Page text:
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barnacle

1
[ bahr-nuh-kuhl ]
/ ˈbɑr nə kəl /
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noun
any marine crustacean of the subclass Cirripedia, usually having a calcareous shell, being either stalked (goose barnacle ) and attaching itself to ship bottoms and floating timber, or stalkless (rock barnacle, or acorn barnacle ) and attaching itself to rocks, especially in the intertidal zone.
a person or thing that clings tenaciously.
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Origin of barnacle

1
First recorded in 1580–85; perhaps a conflation of barnacle “barnacle goose” with Cornish brennyk, Irish báirneach “limpet,” Welsh brenig “limpets,” reflecting the folk belief that such geese, whose breeding grounds were unknown, were engendered from rotten ships' planking; see barnacle goose

OTHER WORDS FROM barnacle

bar·na·cled, adjective

Other definitions for barnacle (2 of 2)

barnacle2
[ bahr-nuh-kuhl ]
/ ˈbɑr nə kəl /

noun
Usually barnacles. an instrument with two hinged branches for pinching the nose of an unruly horse.
barnacles, British Dialect. spectacles (def. 3).

Origin of barnacle

2
1350–1400; Middle English bernacle bit, diminutive of bernac<Old French < ?
Dictionary.com Unabridged Based on the Random House Unabridged Dictionary, © Random House, Inc. 2021

How to use barnacle in a sentence

British Dictionary definitions for barnacle

barnacle
/ (ˈbɑːnəkəl) /

noun
any of various marine crustaceans of the subclass Cirripedia that, as adults, live attached to rocks, ship bottoms, etc. They have feathery food-catching cirri protruding from a hard shellSee acorn barnacle, goose barnacle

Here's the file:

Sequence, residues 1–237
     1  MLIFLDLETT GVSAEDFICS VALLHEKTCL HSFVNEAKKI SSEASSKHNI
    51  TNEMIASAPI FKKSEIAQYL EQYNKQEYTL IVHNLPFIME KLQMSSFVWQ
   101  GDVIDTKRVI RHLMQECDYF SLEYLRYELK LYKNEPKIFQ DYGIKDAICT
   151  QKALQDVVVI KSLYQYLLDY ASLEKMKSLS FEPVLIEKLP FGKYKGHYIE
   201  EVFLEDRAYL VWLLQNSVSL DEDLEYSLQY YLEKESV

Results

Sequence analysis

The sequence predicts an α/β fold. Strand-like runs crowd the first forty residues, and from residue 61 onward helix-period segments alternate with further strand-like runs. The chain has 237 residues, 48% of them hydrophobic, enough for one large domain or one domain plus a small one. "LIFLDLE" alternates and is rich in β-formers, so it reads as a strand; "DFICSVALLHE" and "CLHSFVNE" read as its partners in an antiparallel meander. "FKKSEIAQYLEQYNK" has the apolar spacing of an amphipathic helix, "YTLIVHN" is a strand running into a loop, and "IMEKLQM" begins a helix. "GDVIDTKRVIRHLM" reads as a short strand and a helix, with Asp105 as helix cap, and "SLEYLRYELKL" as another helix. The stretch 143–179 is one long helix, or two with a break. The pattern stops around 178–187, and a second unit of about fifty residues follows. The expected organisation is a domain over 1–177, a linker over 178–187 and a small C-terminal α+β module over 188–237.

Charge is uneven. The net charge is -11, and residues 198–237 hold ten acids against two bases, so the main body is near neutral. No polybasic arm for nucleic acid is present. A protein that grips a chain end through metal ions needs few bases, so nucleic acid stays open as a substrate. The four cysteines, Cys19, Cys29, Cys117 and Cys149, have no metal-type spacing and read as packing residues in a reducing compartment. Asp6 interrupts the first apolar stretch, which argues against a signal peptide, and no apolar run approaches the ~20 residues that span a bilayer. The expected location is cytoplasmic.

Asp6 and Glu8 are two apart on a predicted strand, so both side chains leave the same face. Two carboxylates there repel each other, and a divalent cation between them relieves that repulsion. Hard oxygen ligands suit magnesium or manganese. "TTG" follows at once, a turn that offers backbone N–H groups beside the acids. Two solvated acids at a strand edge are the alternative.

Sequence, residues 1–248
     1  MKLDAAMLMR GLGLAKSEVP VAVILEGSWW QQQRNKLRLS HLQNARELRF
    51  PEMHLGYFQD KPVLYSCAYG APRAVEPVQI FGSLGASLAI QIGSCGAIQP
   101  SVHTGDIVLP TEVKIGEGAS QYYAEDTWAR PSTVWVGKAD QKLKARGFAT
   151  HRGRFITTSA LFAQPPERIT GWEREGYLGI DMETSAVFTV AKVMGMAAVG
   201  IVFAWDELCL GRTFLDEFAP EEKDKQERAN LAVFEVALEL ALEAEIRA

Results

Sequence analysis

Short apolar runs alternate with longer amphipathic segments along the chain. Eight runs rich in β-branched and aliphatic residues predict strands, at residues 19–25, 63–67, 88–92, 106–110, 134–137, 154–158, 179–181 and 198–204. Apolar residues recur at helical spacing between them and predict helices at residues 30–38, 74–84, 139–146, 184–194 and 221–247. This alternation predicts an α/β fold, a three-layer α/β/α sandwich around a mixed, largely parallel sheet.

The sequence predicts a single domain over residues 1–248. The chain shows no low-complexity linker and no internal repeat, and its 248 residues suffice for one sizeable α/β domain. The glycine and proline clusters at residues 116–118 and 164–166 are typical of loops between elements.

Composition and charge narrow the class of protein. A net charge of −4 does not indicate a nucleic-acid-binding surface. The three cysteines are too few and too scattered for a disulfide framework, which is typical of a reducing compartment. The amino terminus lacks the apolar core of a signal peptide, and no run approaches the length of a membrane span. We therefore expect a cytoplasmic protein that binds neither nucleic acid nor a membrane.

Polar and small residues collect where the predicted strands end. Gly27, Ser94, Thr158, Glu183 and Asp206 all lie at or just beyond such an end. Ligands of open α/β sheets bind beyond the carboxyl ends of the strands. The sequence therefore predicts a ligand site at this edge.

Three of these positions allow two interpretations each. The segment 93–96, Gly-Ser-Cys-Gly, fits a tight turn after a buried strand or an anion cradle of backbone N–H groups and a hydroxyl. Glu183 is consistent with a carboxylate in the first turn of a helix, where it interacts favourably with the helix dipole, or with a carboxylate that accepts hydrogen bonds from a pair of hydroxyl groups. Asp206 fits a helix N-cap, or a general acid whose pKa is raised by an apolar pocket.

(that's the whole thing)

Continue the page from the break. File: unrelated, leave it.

a person or thing that is difficult to get rid of

Derived forms of barnacle

barnacled, adjective

Word Origin for barnacle

C16: related to Late Latin bernicla, of obscure origin
Collins English Dictionary - Complete & Unabridged 2012 Digital Edition © William Collins Sons & Co. Ltd. 1979, 1986 © HarperCollins Publishers 1998, 2000, 2003, 2005, 2006, 2007, 2009, 2012

Scientific definitions for barnacle

barnacle
[ bärnə-kəl ]

Any of various small marine crustaceans of the subclass Cirripedia that form a hard shell in the adult stage and attach themselves to underwater surfaces, such as rocks, the bottoms of ships, and the skin of whales.
The American Heritage® Science Dictionary Copyright © 2011. Published by Houghton Mifflin Harcourt Publishing Company. All rights reserved.
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